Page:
Searching over 5,500,000 cases.


searching
Buy This Entire Record For $7.95

Download the entire decision to receive the complete text, official citation,
docket number, dissents and concurrences, and footnotes for this case.

Learn more about what you receive with purchase of this case.

Hicks v. Commonwealth

United States District Court, E.D. Virginia, Richmond Division

March 19, 2018

OZELIA HICKS, JR., Petitioner,
v.
COMMONWEALTH OF VIRGINIA, et al., Respondents.

          MEMORANDUM OPINION

          Robert E. Payne Senior united States District Judge.

         On February 21, 2018, Ozelia Hicks, Jr. filed a "MOTION FOR NEW TRIAL RULE 5 9 MOTION TO CORRECT THE RECORD RULE 5:11 RULE 60(B) (1) (2) (3) (4) (6) Rule 5A:36." ("Motion for New Trial, " ECF No. 1.) As explained below, the Motion for New Trial is a successive, unauthorized 28 U.S.C. § 22S4 petition.

         I. PROCEDURAL HISTORY

         A. Hicks's First § 2254 Petition

         Hicks was convicted in the Circuit Court of Chesterfield County for obtaining money by false pretenses and was sentenced to seven years of incarceration. See Hicks v. Clarke, No. 3;I5CVI23, 2016 WL 901265, at * 1 (E.D. Va. Mar. 3, 2016). By Memorandum Opinion and Order entered on March 3, 2016, this Court denied Hicks's petition for a writ of habeas corpus pursuant co 28 U.S.C. § 2254. See id. at *9.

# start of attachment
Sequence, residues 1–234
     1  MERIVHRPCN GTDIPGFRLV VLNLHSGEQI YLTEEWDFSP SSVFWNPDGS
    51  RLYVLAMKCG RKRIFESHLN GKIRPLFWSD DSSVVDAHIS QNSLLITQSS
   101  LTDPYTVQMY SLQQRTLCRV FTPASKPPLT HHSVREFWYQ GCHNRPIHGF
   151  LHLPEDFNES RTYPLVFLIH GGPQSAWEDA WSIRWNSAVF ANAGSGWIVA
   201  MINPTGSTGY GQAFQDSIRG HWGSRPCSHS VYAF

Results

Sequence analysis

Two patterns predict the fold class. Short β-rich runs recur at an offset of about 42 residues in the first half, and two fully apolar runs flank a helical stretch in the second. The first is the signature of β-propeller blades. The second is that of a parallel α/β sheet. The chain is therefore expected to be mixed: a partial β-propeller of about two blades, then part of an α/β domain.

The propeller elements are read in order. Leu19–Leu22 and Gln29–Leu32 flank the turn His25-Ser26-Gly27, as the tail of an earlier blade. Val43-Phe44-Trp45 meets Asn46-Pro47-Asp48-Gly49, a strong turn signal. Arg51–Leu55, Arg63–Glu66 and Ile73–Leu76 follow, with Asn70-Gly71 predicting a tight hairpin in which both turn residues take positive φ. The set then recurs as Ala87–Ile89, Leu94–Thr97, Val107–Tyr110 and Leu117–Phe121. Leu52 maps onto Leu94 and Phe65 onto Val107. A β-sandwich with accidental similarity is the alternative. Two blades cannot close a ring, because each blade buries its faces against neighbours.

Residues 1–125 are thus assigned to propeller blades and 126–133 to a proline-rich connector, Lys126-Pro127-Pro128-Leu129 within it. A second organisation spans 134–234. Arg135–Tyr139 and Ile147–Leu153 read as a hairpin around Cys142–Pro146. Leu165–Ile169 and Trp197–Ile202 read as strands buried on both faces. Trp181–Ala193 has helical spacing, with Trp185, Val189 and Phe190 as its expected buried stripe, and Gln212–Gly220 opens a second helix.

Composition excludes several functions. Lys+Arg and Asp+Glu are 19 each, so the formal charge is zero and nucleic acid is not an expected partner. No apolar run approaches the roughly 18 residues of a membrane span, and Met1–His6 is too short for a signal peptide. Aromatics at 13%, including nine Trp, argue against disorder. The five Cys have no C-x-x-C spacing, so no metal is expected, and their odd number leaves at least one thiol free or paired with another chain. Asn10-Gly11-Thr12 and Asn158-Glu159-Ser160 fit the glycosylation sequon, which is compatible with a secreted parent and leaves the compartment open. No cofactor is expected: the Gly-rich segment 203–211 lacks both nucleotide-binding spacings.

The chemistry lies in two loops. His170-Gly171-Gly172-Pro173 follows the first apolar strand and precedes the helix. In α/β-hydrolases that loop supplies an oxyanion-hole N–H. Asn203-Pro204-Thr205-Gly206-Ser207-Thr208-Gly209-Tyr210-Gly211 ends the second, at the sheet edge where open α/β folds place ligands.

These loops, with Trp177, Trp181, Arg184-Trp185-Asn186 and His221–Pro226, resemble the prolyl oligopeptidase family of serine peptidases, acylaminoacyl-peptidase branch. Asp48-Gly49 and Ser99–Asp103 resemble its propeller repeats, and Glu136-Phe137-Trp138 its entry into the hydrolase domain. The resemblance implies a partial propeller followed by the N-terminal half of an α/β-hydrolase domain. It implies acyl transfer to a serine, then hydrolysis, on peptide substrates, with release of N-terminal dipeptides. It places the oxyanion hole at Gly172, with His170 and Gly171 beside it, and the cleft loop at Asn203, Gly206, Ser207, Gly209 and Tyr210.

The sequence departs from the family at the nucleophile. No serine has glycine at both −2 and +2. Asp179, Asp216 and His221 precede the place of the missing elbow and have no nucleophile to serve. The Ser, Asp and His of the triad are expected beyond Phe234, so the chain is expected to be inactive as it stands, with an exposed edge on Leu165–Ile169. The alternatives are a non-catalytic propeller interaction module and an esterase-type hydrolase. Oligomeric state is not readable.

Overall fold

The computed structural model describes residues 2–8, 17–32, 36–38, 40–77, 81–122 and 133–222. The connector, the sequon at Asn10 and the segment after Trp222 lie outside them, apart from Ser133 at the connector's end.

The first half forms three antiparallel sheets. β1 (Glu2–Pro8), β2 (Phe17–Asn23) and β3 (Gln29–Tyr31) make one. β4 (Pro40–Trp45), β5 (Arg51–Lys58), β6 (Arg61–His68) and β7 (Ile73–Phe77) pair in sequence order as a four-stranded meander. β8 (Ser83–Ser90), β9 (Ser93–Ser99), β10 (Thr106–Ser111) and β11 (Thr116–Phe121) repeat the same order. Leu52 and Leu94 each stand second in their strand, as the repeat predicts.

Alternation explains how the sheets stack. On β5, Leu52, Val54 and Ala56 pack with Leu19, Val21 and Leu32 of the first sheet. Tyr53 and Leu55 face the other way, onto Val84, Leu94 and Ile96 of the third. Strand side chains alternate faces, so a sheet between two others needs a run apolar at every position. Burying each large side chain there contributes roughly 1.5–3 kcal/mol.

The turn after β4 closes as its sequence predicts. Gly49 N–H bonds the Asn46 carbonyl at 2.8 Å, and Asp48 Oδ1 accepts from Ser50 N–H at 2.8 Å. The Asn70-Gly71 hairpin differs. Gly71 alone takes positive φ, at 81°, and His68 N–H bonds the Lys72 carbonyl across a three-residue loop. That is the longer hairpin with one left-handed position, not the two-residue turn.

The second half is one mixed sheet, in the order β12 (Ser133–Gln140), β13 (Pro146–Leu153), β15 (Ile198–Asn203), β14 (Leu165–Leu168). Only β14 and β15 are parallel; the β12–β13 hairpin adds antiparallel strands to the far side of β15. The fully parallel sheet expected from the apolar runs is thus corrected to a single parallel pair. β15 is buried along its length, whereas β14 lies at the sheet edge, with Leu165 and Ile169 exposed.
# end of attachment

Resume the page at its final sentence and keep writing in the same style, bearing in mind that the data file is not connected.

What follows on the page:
B. Hicks's Second § 2254 Petition

         On December 1, 2016, the Court received from Hicks a submission entitled, "MOTION FOR NEW TRIAL PURSUANT TO CODE § 8.01-428 Rule 60(b)." See Hicks v. Virginia, No. 3:16CV946, 2017 WL 1963900, at *1 (E.D. Va. May 11, 2017) . By Memorandum Opinion and Order entered on May 11, 2017, the Court dismissed the motion as a successive, unauthorized 28 U.S.C. § 2254 petition. Id. at *2.

         C. Hicks's Motion for New Trial[1]

         On February 20, 2018, the Court received Hicks's Motion for New Trial. In the body of his Motion for New Trial, he indicates that he moves "to set the judgment aside pursuant to Rule 5A:3 6 (additional after-discovered evidence) material exculpatory factual evidence) material fact, omitted key facts, that merit retrial bases on 'Fraud' Rule 60 (b) (1) (2) (3) (4) (6) ." (Mot. New Trial 1 (capitalization corrected) (emphasis omitted).) While it is not clear by which procedural vehicle Hicks intends to bring his motion, it is abundantly clear that Hicks continues to attack the sufficiency of the evidence and other errors in the criminal proceeding leading to his state conviction. (See id. at 2-7.) As explained below, Hicks's Motion for New Trial must be treated as a successive, unauthorized 28 U.S.C. § 2254 petition.

         II. ANALYSIS